Nurse practitioners and physician assistants bring expertise to clinics

Marian Diamond, FNP

Primary care in the United States isn’t what it used to be. The old saying, “An apple a day keeps the doctor away,” tells the story of how people historically approached healthcare. They kept the doctor away until there was a problem.

Today, many Americans are much more focused on wellbeing, shifting the focus of primary care to wellness and preventive care, not just sick care. This shift has also brought with it expansion of the care teams within clinics.

Nurse practitioners (NPs) and physician assistants (PAs) bring new and complementary knowledge to the healthcare setting. Their expertise allows them to partner with patients as their primary healthcare provider in creating health and lifestyle plans specific to patients’ needs.

The mix of physicians, NPs and PAs creates an environment where different skills and knowledge can be learned and shared in an innovative care model.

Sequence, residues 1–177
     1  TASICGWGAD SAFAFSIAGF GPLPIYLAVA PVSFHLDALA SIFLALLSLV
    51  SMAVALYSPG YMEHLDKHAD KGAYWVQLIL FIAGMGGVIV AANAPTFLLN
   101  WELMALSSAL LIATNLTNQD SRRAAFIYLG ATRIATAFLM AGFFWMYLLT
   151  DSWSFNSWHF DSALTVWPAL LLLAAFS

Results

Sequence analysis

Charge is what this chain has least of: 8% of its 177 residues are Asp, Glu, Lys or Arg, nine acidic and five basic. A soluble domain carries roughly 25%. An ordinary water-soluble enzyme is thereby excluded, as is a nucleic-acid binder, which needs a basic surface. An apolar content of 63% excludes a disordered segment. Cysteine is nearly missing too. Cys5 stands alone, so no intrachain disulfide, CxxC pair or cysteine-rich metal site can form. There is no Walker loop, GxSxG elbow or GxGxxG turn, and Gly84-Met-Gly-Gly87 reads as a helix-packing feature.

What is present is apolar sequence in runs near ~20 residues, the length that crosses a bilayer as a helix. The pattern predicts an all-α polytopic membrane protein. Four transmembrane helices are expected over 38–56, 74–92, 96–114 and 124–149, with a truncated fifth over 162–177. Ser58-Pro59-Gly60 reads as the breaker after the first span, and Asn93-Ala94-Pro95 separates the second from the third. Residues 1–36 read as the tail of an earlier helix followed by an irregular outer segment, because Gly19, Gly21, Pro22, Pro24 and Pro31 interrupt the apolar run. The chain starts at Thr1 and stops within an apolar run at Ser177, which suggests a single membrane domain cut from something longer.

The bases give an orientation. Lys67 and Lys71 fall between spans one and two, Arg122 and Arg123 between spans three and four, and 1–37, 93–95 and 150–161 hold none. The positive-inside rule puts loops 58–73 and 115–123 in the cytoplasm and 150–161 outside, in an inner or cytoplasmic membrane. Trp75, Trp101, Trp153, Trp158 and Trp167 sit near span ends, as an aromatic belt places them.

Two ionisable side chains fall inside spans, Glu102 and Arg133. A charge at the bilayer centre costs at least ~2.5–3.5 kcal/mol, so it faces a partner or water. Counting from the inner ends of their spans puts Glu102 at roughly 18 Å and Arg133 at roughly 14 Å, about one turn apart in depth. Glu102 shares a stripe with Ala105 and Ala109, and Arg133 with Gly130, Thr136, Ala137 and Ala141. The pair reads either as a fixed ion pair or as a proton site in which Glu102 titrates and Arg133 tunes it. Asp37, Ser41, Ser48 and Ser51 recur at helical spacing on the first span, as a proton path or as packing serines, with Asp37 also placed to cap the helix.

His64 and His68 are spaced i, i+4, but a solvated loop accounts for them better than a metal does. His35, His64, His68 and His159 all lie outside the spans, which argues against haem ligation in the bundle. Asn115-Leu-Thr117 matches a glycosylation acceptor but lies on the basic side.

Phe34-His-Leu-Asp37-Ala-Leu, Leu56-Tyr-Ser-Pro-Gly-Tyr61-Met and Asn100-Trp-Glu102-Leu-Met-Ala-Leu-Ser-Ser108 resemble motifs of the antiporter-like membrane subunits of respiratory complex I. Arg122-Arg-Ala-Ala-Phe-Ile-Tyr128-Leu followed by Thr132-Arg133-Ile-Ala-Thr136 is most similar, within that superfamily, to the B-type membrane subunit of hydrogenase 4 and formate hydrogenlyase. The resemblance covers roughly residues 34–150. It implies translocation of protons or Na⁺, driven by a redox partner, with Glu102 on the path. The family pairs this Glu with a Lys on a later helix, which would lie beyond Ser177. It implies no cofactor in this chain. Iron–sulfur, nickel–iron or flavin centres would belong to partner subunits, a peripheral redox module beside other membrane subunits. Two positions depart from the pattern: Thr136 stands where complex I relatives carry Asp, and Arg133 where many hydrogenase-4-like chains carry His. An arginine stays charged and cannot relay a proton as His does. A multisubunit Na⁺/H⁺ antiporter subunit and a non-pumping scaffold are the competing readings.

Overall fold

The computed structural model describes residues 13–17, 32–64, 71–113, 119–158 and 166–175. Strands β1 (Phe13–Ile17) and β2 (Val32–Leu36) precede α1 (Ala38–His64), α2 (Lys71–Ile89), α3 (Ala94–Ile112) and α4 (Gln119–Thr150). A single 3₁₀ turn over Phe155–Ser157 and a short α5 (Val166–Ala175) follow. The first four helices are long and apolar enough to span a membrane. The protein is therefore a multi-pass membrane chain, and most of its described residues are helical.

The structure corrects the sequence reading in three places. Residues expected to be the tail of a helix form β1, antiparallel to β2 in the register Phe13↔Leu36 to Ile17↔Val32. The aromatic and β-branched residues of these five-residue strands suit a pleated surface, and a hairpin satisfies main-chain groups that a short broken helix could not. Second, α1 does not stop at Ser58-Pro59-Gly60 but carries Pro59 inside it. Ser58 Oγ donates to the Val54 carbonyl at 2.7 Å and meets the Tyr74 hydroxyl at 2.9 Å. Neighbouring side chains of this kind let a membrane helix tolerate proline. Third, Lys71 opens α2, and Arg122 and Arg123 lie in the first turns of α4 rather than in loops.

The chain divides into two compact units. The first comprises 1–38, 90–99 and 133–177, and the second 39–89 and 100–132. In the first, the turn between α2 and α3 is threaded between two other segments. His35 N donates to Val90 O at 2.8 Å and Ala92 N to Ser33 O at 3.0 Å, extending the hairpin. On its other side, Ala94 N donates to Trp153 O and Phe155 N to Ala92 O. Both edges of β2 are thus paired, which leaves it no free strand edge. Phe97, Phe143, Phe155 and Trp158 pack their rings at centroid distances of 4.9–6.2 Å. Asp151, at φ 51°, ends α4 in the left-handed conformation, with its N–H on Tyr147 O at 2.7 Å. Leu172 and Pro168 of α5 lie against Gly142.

“Our clinics are staffed with doctors, nurse practitioners and physician’s assistants who all bring different perspectives, experience and knowledge to our team,” said Celeste Scalf, NP and Director of Primary Care for Northern Arizona Healthcare.

NAH began using this model in its clinics several years ago, and it allows for the healthcare system to provide more access to care and availability of appointments to community members. There is a shortage of primary care providers across the country, and NPs and PAs are helping to fill the gap.  Both NPs and PAs have demonstrated the ability to provide high-quality healthcare consistently while offering a unique and caring relationship with their patients. 

To learn more about the nurse practitioners and physician assistants who provide care as part of the NAH team, visit the Care Team section on each our outpatient clinic microsites.